Featured Research

from universities, journals, and other organizations

New Way That Bacteria Evolve Into Something That Can Make You Sick

Date:
February 17, 2009
Source:
McMaster University
Summary:
Researchers have discovered a new way that bacteria evolve into something that can make you sick. The finding has implications for how scientists identify and assign risk to emerging diseases in the environment.

Researchers of the Michael G. DeGroote Institute for Infectious Disease Research have discovered a new way that bacteria evolve into something that can make you sick.

The finding, published in the Feb. 16 issue of the Proceedings of the National Academy of Sciences, has implications for how scientists identify and assign risk to emerging diseases in the environment.

The researchers found that bacteria can develop into illness-causing pathogens by rewiring regulatory DNA, the genetic material that controls disease-causing genes in a body. Previously, disease evolution was thought to occur mainly through the addition or deletion of genes.

Brian Coombes, an assistant professor in the Department of Biochemistry and Biomedical Sciences, was the lead investigator of the study which involved researchers at McMaster University, the University of Melbourne, Australia and the University of Illinois at Chicago, USA.

"Bacterial cells contain about 5,000 different genes, but only a fraction of them are used at any given time," Coombes said. "The difference between being able to cause disease, or not cause disease, lies in where, when and what genes in this collection are turned on. We've discovered how bacteria evolve to turn on just the right combination of genes in order to cause disease in a host. It's similar to playing a musical instrument – you have to play the right keys in the right order to make music."

With infectious diseases on the rise, the McMaster finding has implications on how new pathogens are identified in the environment. Scientists currently monitor the risk of new diseases by assessing the gene content of bacteria found in water, food and animals.

"This opens up significant new challenges for us as we move forward with this idea of assigning risk to new pathogens," Coombes said. "Because now, we know it's not just gene content – it is gene content plus regulation of those genes."


Story Source:

The above story is based on materials provided by McMaster University. Note: Materials may be edited for content and length.


Cite This Page:

McMaster University. "New Way That Bacteria Evolve Into Something That Can Make You Sick." ScienceDaily. ScienceDaily, 17 February 2009. <www.sciencedaily.com/releases/2009/02/090216175124.htm>.
McMaster University. (2009, February 17). New Way That Bacteria Evolve Into Something That Can Make You Sick. ScienceDaily. Retrieved October 2, 2014 from www.sciencedaily.com/releases/2009/02/090216175124.htm
McMaster University. "New Way That Bacteria Evolve Into Something That Can Make You Sick." ScienceDaily. www.sciencedaily.com/releases/2009/02/090216175124.htm (accessed October 2, 2014).

Share This



More Health & Medicine News

Thursday, October 2, 2014

Featured Research

from universities, journals, and other organizations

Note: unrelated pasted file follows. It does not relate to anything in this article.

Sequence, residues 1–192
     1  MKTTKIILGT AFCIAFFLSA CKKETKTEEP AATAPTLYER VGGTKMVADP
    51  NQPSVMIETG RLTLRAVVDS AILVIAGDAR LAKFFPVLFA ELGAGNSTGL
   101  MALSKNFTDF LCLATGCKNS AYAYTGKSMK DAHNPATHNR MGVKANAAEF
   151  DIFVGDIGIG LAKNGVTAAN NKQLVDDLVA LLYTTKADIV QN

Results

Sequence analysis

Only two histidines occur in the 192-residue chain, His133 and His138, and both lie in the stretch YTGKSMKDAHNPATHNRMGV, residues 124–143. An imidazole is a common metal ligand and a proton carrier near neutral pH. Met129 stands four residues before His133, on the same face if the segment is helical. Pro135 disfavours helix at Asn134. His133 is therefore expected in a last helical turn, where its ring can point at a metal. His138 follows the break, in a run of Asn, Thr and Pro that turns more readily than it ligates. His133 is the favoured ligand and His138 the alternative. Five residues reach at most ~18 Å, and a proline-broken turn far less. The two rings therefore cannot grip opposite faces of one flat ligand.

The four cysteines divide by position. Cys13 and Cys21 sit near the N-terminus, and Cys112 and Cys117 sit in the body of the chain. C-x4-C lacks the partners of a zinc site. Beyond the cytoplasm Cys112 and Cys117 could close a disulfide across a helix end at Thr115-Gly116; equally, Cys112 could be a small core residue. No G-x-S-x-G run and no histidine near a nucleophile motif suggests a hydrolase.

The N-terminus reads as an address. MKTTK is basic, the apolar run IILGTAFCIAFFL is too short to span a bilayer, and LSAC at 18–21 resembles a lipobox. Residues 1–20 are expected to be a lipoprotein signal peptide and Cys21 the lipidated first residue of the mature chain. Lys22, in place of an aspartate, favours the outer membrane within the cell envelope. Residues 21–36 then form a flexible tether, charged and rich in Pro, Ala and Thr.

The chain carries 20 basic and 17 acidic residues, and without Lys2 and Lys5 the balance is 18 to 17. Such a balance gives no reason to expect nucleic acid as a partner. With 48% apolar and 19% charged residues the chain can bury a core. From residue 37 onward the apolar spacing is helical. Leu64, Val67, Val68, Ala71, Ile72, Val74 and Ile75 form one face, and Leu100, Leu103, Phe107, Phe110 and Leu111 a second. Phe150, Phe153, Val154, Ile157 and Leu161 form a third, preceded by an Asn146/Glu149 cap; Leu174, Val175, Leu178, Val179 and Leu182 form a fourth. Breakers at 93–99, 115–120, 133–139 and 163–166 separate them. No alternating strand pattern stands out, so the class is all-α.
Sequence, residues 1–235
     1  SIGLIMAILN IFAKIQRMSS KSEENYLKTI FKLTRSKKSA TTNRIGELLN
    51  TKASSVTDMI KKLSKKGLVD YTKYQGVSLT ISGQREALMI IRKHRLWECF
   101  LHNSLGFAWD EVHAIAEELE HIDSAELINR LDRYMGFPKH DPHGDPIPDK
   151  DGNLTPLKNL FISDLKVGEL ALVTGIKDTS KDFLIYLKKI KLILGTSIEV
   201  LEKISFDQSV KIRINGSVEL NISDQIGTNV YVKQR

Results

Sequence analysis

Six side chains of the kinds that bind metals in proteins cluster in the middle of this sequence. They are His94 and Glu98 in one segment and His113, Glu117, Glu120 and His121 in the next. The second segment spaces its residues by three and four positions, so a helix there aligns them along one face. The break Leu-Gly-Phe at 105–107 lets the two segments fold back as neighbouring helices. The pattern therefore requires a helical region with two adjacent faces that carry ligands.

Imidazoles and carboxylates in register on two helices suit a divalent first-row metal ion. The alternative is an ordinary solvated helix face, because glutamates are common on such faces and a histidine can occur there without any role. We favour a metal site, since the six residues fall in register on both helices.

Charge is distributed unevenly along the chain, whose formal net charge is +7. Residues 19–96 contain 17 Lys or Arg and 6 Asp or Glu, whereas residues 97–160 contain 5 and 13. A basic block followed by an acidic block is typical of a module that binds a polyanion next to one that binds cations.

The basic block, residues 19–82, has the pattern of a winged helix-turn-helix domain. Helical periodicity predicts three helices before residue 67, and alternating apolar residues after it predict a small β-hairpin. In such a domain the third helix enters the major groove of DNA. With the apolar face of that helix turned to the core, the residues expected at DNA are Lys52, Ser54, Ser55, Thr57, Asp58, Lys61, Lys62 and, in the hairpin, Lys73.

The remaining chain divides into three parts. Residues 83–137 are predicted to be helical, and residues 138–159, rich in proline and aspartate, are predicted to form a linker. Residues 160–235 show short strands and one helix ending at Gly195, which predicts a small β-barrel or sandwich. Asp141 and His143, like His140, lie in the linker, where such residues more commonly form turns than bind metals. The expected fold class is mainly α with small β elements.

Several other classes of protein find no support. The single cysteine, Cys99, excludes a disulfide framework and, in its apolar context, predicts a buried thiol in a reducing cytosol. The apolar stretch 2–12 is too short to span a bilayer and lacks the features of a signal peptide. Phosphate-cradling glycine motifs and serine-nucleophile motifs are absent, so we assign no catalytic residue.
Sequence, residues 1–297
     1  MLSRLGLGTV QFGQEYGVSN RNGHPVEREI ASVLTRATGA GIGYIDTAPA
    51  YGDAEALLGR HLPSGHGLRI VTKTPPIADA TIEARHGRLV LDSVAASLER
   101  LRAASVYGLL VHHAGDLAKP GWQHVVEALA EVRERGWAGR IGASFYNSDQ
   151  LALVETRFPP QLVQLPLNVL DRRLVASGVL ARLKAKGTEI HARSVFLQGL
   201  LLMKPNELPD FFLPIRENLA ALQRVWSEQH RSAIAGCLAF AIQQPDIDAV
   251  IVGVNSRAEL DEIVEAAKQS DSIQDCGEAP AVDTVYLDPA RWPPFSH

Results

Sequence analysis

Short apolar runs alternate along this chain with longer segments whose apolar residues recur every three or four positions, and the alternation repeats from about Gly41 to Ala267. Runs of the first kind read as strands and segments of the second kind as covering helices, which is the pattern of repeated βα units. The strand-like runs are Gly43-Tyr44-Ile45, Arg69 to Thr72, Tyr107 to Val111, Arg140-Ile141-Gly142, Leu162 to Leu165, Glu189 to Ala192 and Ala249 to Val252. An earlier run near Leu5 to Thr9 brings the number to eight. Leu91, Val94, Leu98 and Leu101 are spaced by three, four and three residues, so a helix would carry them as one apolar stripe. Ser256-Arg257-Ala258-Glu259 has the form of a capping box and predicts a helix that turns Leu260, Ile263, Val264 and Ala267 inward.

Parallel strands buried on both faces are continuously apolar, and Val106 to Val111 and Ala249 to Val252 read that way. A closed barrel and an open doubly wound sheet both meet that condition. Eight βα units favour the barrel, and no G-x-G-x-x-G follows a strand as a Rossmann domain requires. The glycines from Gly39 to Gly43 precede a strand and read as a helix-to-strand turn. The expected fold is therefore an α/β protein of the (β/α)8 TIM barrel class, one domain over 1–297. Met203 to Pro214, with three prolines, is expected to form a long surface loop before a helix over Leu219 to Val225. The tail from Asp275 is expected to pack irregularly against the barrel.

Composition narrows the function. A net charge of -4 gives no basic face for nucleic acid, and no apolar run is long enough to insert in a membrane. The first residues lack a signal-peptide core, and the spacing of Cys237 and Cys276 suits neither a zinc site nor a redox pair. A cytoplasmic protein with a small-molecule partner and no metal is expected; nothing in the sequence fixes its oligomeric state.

Featured Videos

from AP, Reuters, AFP, and other news services

Pregnancy Spacing Could Have Big Impact On Autism Risks

Pregnancy Spacing Could Have Big Impact On Autism Risks

Newsy (Oct. 1, 2014) A new study says children born less than one year and more than five years after a sibling can have an increased risk for autism. Video provided by Newsy
Powered by NewsLook.com
Ebola Patient Told Hospital He Was from Liberia

Ebola Patient Told Hospital He Was from Liberia

AP (Oct. 1, 2014) The first Ebola patient diagnosed in the U.S. initially went to a Dallas emergency room last week but was sent home, despite telling a nurse that he had been in disease-ravaged West Africa, the hospital acknowledged Wednesday. (Oct. 1) Video provided by AP
Powered by NewsLook.com
Robotic Hair Restoration

Robotic Hair Restoration

Ivanhoe (Oct. 1, 2014) A new robotic procedure is changing the way we transplant hair. The ARTAS robot leaves no linear scarring and provides more natural results. Video provided by Ivanhoe
Powered by NewsLook.com
Insertable Cardiac Monitor

Insertable Cardiac Monitor

Ivanhoe (Oct. 1, 2014) A heart monitor the size of a paperclip that can save your life. The “Reveal Linq” allows a doctor to monitor patients with A-Fib on a continuous basis for up to 3 years! Video provided by Ivanhoe
Powered by NewsLook.com

Search ScienceDaily

Number of stories in archives: 140,361

Find with keyword(s):
Enter a keyword or phrase to search ScienceDaily for related topics and research stories.

Save/Print:
Share:

Breaking News:

Strange & Offbeat Stories


Health & Medicine

Mind & Brain

Living & Well

In Other News

... from NewsDaily.com

Science News

Health News

Environment News

Technology News



Save/Print:
Share:

Free Subscriptions


Get the latest science news with ScienceDaily's free email newsletters, updated daily and weekly. Or view hourly updated newsfeeds in your RSS reader:

Get Social & Mobile


Keep up to date with the latest news from ScienceDaily via social networks and mobile apps:

Have Feedback?


Tell us what you think of ScienceDaily -- we welcome both positive and negative comments. Have any problems using the site? Questions?
Mobile: iPhone Android Web
Follow: Facebook Twitter Google+
Subscribe: RSS Feeds Email Newsletters
Latest Headlines Health & Medicine Mind & Brain Space & Time Matter & Energy Computers & Math Plants & Animals Earth & Climate Fossils & Ruins